BASILDON is fast losing its reputation as a “rough”, rundown place to live, according to estate agents.

Letting agents say hundreds of would-be residents are flocking to the town in search of homes to rent.

Rents in the town have increased by 22 per cent in the past 14 months, according to Basildon estate agent Balgores.

It says this is largely down to regeneration programmes, which are making it a more attractive place to live.

New housing developments such as Acacia Park, in Gloucester Park, and Morello Quarter, in Cherrydown East, plus the regeneration of Pitsea, and the 20 year Basildon town centre masterplan have all added to the town’s allure.

Balgores lettings manager Raymond Wood predicts things will continue to improve.

He said: “The increase is phenomenal.

Even the older, cheaper stuff, which would have been £400 to rent a year ago, is now renting for £500.

“Basildon used to have a stigma, but that’s passing now. It had a rough image, but that’s improved with all the redevelopment.

“We have the A127, the A13, the beach down the road, three railway stations going to London and the council is undertaking a colossal redevelopment.

“There is lots of money coming into the area, with new businesses and Basildon Hospital employing more staff. All the bits and pieces have added to Basildon being more popular.”

In December 2012, Balgores was renting property in Basildon for an average of £625 a month. Last month the average rental price was £799 a month – an increase of 22 per cent.

Mr Wood predicted rent would stabilise as tenants moved out of newproperties and theywere no longer brand new, but he still believed a growing number of people would choose to live in the town.

Malcolm Buckley, Basildon councillor responsible for regeneration, said: “All our work is making Basildon more attractive.

“It is a town and a borough that has everything. We have a good-quality shopping centre, the Festival Leisure Park, easy access to the M25, London and London Gateway, plus Southend, London City and Stansted airports.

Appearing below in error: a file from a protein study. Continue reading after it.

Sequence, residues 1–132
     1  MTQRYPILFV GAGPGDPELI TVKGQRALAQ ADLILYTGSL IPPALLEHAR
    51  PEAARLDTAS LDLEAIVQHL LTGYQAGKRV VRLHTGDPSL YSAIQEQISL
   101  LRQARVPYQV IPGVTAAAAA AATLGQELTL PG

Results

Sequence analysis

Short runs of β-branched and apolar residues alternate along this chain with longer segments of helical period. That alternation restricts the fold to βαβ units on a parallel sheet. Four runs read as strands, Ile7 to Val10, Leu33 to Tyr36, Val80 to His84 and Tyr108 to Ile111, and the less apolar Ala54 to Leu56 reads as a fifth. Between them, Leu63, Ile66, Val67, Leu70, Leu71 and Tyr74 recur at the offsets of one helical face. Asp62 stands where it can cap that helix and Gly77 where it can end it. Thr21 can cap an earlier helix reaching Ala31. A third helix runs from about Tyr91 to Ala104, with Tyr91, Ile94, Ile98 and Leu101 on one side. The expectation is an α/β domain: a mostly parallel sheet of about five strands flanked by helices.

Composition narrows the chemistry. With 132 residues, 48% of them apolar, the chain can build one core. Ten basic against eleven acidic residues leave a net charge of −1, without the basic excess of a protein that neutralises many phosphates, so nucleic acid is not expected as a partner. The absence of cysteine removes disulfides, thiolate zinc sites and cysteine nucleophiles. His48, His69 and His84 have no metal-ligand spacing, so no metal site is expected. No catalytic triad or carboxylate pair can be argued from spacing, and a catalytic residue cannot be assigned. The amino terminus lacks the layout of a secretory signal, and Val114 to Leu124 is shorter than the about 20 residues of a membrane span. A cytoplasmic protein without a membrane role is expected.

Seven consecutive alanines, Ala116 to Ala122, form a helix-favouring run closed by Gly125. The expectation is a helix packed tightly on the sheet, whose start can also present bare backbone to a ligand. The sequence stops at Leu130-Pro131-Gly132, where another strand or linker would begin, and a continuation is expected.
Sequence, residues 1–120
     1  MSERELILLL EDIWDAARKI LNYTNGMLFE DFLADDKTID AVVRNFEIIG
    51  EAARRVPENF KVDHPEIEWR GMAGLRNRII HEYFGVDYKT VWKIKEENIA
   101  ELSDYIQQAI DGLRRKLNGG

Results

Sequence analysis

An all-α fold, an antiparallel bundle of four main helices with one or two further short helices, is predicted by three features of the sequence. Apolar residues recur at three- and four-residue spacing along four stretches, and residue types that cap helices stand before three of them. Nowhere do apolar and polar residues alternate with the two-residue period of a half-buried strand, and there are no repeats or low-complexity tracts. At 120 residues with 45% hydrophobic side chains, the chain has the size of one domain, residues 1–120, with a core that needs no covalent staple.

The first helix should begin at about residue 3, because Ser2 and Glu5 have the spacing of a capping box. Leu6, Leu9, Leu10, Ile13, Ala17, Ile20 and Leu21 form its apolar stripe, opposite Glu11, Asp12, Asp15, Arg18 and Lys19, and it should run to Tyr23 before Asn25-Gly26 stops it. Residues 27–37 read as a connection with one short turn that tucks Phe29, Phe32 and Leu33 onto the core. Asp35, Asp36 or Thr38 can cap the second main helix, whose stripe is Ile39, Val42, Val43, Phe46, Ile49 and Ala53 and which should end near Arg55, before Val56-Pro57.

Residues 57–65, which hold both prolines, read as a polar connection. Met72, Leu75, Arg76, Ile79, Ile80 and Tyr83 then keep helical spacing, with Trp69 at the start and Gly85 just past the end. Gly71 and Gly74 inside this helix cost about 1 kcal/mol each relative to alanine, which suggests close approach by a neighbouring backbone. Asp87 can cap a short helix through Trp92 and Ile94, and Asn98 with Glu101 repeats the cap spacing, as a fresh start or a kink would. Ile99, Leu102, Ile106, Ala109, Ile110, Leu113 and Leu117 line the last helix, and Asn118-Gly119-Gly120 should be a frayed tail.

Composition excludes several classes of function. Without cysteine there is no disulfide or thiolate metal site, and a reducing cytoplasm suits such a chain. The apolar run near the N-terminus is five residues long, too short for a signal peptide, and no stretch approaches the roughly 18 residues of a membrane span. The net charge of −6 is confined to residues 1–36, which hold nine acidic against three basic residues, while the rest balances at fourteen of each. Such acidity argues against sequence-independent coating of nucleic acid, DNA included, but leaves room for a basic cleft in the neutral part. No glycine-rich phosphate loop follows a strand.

“We can only look forward to a brighter and better future for Basildon.”

Phil Turner, the council’s deputy leader, said: “It’s good news for people of the town that the borough is a better place to live.

“That’s what we’ve really tried to work on. On the other hand it’s bad news if you’re having to pay more for accommodation.”

Alice Baker, 24, of the Fold, Basildon moved from Benfleet and couldn’t be happier with the town.

“I DO think the stigma is beginning to lift.

“The council is pushing the right way. There’s more housing being built and the whole of the town centre is being regenerated.

“People are so quick to turn around and say it’s such a horrible place, but it’s really not that bad. With the wide range of shops Basildon has, you are not going to get that lucky, apart from at Lakeside, or Bluewater.

“The council tax has been frozen for the past few years.

“For me, moving to Basildon was never an issue. There are a lot of big organisations based here too, such as NatWest, Trading Standards and New Holland.

“There’s a lot going for Basildon. I love living here.

“It’s good that I got here just before it boomed. Knowing the politics, and plans for the next 20 years, the potential of Basildon is attractive.”

Terry Latchford, 74, of Ballards Walk, Laindon, doesn’t think Basildon is the place to be.

“SO much for this green and pleasant land. They are building everywhere and everyone is sick of it.

“Everyone I speak to thinks Basildon is going downhill.

“All this building will mean the roads will be blocked up, there won’t be enough schools for children and you will have to wait weeks for a doctor’s appointment.

“This regeneration is turning our town into a concrete jungle.

“There’s no space for families to play. If children want to play football now they have to go to Basildon Sporting Village and spend £50 renting an Astroturf pitch.

“There are more people moaning about Basildon than praising it.

“People don’t want the area upgraded. They don’t want any more housing.”